So came another exciting evening of debate organised by Cool Politics. The venue, the intimate Kaldi’s Coffee and this time around, the guest speaker was Kaya FM journalist and former TUT graduate, Ndaedzo Nethonzhe.
As always the evening began with live music from up and coming artists. This time around we were dazzled by the sounds of Edd and Adam van Veen (from Our Heritage) and Bongiziwe and the Fridge, but this time Bongiziwe was without the fridge. Nevertheless he did not disappoint but instead he put on a performance that had most people chanting for more at the end of his set.
The topic for the evening was about the future of South Africa after the World Cup. We talked about the impact the World Cup has had on the country; negative and positive, our expectations from government now that it is all over and what the World Cup has meant for our country. Ndaedzo opened the floor by asking about our experiences during the world cup. For many in the room, we concurred that we as South Africans were great hosts and we put on a spectacular show. There were many positive reports about the country, both from international and local media. Bronwyn of Cool Politics commented by saying that the World Cup showed us that our government, that has been in power since 1994, has the capacity to deliver what they have promised. They showed this by putting together a great world cup, within the deadline that was given by FIFA. One needs to ask the question, if the government could render such world class service, from infrastructure, tourism, security etc because the whole world had their eyes on them… will they be able to maintain the excellence they have displayed without the pressure from Fifa and the rest of the world? Will they remain loyal to their own people who put them in power?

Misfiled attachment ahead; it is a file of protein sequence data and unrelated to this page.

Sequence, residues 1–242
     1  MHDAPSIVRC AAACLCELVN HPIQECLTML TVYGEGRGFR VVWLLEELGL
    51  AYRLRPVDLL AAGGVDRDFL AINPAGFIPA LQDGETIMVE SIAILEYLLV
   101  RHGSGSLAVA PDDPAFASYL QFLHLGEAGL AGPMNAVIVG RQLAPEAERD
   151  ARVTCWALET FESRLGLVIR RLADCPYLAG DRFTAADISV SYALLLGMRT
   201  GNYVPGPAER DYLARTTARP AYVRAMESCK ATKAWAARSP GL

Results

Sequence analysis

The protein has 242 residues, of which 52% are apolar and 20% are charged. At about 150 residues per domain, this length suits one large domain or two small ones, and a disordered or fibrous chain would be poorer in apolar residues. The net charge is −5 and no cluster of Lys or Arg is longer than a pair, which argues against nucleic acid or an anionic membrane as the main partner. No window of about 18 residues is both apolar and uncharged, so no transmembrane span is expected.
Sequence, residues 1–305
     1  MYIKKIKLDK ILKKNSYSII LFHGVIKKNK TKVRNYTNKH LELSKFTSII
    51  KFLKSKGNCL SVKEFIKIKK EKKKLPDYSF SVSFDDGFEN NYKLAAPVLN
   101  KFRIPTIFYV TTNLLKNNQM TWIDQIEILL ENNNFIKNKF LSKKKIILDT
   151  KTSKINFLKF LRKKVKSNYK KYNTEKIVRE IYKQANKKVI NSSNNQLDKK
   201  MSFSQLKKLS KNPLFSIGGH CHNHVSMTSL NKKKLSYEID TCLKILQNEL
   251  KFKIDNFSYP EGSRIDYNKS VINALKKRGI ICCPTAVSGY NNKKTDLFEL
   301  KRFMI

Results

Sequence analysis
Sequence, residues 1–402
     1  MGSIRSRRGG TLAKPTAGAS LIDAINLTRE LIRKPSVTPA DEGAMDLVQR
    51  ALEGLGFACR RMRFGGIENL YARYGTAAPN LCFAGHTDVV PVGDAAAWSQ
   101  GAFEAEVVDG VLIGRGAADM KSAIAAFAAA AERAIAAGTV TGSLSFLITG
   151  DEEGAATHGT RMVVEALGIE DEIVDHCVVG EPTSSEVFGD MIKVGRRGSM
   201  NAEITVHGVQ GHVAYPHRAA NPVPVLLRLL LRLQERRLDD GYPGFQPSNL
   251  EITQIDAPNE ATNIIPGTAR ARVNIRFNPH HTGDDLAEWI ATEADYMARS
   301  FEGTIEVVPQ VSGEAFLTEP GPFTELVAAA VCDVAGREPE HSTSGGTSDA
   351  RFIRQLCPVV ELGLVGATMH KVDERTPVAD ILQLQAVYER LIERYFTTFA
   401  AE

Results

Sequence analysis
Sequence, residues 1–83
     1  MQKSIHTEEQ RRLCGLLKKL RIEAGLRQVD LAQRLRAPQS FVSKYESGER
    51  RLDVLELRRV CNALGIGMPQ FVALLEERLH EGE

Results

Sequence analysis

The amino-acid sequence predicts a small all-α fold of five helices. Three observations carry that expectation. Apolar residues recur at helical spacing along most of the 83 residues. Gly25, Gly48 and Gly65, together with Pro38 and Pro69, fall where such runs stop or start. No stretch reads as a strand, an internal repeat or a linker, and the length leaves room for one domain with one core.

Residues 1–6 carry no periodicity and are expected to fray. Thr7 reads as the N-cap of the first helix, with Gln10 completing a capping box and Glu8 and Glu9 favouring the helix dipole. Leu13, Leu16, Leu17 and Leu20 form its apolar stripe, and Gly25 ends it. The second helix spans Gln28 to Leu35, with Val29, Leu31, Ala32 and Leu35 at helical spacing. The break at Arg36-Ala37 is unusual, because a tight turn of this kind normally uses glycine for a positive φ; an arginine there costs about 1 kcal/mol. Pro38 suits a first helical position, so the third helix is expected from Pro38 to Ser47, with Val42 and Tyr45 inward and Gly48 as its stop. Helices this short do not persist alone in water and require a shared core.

We surfed on the motto ‘Alive with possibility’ by hosting a World Cup set on tight deadlines, why can’t the same government that built great stadiums, build houses and schools of the same caliber as the stadiums, to the poor people of this country. It is believed that the country received an amount of R93 billion from Fifa, of which is not the profit but has to cover the debts from constructing stadiums, roadworks and other major developments that were made from the World Cup. Ndaedzo truly believes that whatever the profit South Africa makes from Fifa, 60% of that money should be spent on education. He believes that the ‘1 Goal’ initiative that was advertised throughout the soccer spectacle will not benefit anyone. “A great PR exercise” is what he called it.
“South Africa needs to reach a point where we move to a phase where we want to be”, said Ndaedzo. We need to think and act like a developed country. A war of words erupted when the debate touched on the recent Xenophobic attacks on foreign nationals in the country. The floor seemed to be split between those who believed that the government has handled these threats exceptionally well and those who argued that our government is far too reactive. They wait for problems to spiral out of control first before they take action.
The evening came to an end with many unhappy and unsatisfied debaters. This showed that there needs to be dialogue at the very bottom to work on the challenges we face as a nation and how we can move forward. There is a need to teach the nation on how to use the media to their advantage and to become a ‘no-nonsense’ type of a society.